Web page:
I've been accumulating a list of things that have been eye-opening to me here in Uganda. Some of the things I'd heard about but was still surprised when I saw them. And some things were a pure surprise.
Every cookhouse (where they cook for workers, school children, etc.) that I've seen so far is a metal, enclosed shack. Cooking on charcoal occurs inside, where a woman and usually her child watch over the food.
The cookhouse at one of the farms.
The cook and her baby, Barbara.
I'm always amazed at the number of people just walking along the roadsides, even in the middle of the day. I always wonder where they are heading. I'm even more amazed at the number of curious children who stop and watch the people working. The little boy below stopped to watch for more than 30 minutes. Doesn't he have somewhere he needs to be? Like at school?
A little boy stopped for a while to watch us digging a trench.
The sunsets and sunrises here. Enough said.
Things can get done so fast! And all by hand. Below is an example of an implement that was shipped in a container in pieces, and in just a couple of work hours, it was completely assembled and ready to put to use.
The implement fresh out of the container.
The implement assembled.
Norwegian people are some of the kindest, easily accepting people and unrelenting lovers of African babies. I've enjoyed having them as my housemates.
My Norwegian housemates.
One of the farm managers and I made a run to the store, and I found out he'd never driven a car before. He said, "Why would I learn if I cannot afford a car?" That conversation ended with him driving us home.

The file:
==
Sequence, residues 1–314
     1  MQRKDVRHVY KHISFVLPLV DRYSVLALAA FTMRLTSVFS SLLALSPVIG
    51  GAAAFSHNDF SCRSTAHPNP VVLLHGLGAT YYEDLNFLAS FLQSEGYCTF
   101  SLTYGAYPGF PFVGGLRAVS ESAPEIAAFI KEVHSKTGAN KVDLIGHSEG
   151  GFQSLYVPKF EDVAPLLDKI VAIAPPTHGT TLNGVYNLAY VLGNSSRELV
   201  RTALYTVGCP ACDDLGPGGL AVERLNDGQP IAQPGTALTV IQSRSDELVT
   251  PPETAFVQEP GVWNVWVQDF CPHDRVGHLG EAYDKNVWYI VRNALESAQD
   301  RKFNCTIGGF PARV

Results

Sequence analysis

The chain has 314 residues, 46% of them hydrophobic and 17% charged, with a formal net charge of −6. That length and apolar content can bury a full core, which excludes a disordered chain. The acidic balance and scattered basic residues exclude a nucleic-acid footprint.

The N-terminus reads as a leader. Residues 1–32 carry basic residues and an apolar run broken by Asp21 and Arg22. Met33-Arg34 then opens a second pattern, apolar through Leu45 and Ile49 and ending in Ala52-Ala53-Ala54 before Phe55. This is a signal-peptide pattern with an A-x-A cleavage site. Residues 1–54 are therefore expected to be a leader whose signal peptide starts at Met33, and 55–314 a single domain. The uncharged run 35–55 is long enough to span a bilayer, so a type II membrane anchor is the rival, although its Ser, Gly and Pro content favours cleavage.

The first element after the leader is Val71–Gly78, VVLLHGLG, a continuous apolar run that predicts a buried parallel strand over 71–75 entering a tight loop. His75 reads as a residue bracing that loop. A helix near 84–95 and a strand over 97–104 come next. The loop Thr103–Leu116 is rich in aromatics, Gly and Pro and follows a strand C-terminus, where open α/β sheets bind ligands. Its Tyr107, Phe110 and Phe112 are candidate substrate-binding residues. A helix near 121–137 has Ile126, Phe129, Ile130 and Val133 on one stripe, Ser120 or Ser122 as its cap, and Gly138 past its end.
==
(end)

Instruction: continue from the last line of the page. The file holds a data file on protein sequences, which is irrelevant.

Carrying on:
I taught Sunday to drive a car.
We've heard about the major income gap in a lot of Africa. It's easily seen from my hotel's roof. I live in a pretty nice hotel, but the view around it shows how the majority of other people in Kampala live.
The contrast between where I live and the way other people live not so far away.
We had the privilege of seeing the national sport of Africa. Soccer here is loud and confusing and a little less disciplined.
The soccer field and all the spectators.
Matatus are very common means of transportation for many people. They are supposed to be much safer than boda-bodas, the motorcycle taxies, but I didn't trust them after the accident we saw. There were fatalities. After being here for two months and never seeing a wreck despite the crazy driving, this was definitely scary.
Emily Jost is a 2015 Noble-Watoto Fellow working at Watoto Child Care Ministries in Uganda. Jost is from Edmond, Oklahoma, and is in her final semester in the master of international agriculture program at Oklahoma State University, where she focuses on sustainable development.